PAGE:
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What to Do at a Job Interview

what to do at a job interview Do you want to know what to do at a job interview? These tips will highlight common mistakes applicants make regarding their actions, their answers, and their appearance with solutions to fix them.

Ace Your Job Interview

The interview is your chance to shine, to let them know that you are the best candidate for the job. It is essential to put your best foot forward to make the best impression you can. You can make this impression by taking care to ensure that you look and perform as favorably as you can. These tips will address various areas that are all looked upon by the interviewer. Avoid poor conduct that is undesirable to the interviewer.

If we do attempt to avoid these blunders, we may give ourselves an advantage over the other candidates who may not be aware of their existence. We hope these tips can provide a benefit to you in your job search.

Career Help Center

How to Prepare for a Job Interview

Review these tips to get some insight as to what to do at a job interview, so you are aware of what “not” to do! You can use the tips you feel will best serve your needs; you could find some concepts of which you never thought.

  • Have Good Manners
    It is always a good idea to use good manners in the workplace. Be courteous to the people you meet at the prospective company. You never know who you may be talking to, it might be your future boss!
  • Don't Be Late
    This tip also falls under the umbrella of courtesy, but punctuality is vital, so it was put on this list by itself. Please don't be late, be 15 or 20 minutes early, the interviewer may want to start a little earlier, and it demonstrates responsibility.
  • Don't Talk or Text
    Don't answer calls or texts during the interview; it is rude. Don't fumble with your phone, set it to silent. Please leave it in your pocket or purse and concentrate on the conversation.
  • Do Your Research
    Research the company, the position, and the people within the company. They may ask you questions about these topics, and you want to be enthusiastic and knowledgeable about them.
  • Show Interest
    Maintain a positive attitude, pay attention to the conversation, show interest and enthusiasm for the company, the position, and the people who work there. We hope that you are genuinely enthusiastic, getting a new job should be an exciting experience. Answer the questions truthfully with a positive, upbeat spin. Even for uncomfortable questions being positive can help to minimize the negatives. We have some sample questions you can review to familiarize yourself with what you may encounter.
  • Be Truthful
    Not being truthful right from the start seems like the wrong way to start a new job. Anything you say or put on your resume may come back to hurt you later if thy uncover your untruths. It displays your lack of character, and they can let you go for lying. It can be difficult to explain away the reason you were let go to your next employer, but it is something you will need to do to move forward. Please read our article about how to interview after getting fired for some strategies to handle this situation.
  • Professional Personal Appearance
    Dress appropriately as your industry dictates, your appearance will be taken into consideration by the interviewer as a component of your professionalism. Tattoos are taboo in some companies attempt to cover them up. If the tattoos are on your arms, wear a long sleeve shirt as one solution.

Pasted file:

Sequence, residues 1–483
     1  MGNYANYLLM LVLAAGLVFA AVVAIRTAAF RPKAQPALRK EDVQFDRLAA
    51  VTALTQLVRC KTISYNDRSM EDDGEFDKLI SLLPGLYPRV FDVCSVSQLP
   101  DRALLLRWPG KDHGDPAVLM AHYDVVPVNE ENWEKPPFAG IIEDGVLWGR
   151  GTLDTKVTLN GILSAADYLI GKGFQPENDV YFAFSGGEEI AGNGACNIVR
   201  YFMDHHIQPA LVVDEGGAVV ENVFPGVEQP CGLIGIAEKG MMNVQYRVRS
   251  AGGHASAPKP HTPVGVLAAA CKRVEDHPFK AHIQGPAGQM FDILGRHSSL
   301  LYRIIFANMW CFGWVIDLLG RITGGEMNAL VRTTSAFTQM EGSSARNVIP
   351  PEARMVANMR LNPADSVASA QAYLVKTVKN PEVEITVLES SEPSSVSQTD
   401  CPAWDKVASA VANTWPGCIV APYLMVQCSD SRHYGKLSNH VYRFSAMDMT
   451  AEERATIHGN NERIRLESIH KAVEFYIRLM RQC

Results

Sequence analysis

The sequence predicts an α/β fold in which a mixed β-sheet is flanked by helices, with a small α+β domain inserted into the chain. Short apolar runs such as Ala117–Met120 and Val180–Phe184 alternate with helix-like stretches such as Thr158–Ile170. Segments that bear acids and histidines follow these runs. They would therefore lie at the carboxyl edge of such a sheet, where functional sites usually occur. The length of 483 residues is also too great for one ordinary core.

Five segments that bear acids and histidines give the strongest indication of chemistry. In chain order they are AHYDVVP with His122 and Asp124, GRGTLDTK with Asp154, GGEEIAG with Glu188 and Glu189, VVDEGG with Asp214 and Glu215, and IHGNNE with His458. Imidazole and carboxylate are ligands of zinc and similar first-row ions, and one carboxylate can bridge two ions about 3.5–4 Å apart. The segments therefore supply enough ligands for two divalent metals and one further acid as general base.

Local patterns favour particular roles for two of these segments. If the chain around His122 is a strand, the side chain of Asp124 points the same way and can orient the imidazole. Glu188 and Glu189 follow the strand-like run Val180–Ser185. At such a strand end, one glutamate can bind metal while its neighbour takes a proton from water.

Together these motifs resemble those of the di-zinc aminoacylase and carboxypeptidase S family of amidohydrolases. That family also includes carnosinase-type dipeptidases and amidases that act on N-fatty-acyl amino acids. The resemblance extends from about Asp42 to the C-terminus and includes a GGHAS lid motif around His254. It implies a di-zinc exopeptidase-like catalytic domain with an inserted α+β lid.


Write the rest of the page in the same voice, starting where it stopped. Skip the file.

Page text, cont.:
• Confident Body Language
    Exhibit proper body language, sit up straight, make eye contact with the interviewer when they are speaking to you and you to them. Don't slouch or cross your arms. Don't tap your foot, bounce your knee, or twirl your hair.

    You may be nervous, but you don't need to let the employer know that. Don't chew gum, or bring food or beverages. Consider taking a restroom break beforehand so you can feel more relaxed and comfortable.
  • Speak Positively About a Previous Job or Boss
    When they ask you about a previous job, your bosses or companies speak well of them. Even if you are unhappy with them, maintain a positive attitude, don't project negativity. Companies don't want negative people whom they feel may cause dissension in the ranks.
  • Don't Ask About Salary and Benefits
    Ask you questions about salary and benefits after they offer you the position. If the interviewer mentions this subject and you feel it is appropriate, you may be able to discuss it, but use caution.
  • Social Media Profiles
    Social media can be a useful job search tool if used correctly. Ensure you have no inappropriate pictures, friends, or content. Clean up your profiles if you do. Employers are now checking an applicant's social media pages to judge their character. Check our guide on social media and your resume for more information about using these platforms as business tools.
  • Bad Credit
    In some situations, employers will order a copy of your credit report, with your permission, as an additional tool to see how you conduct yourself in your personal and financial life. To find out about this newer practice and what you can do about it, explore this article: “Can Bad Credit Hurt Your Job Search?
Being aware of what you are doing at the interview from how you act to what you say can make you feel more relaxed and confident. One would expect that could contribute to a better outcome. Be prepared before you go by researching the company as discussed earlier. Think about the answers you will give, so they serve to shed the best possible light on your qualifications.

For continued reading visit our Career Help Center and don't forget to send a thank-you letter to the interviewer for their time. You can use our thank-you letter creator for writing help by clicking the button here:
create a job interview thank you letter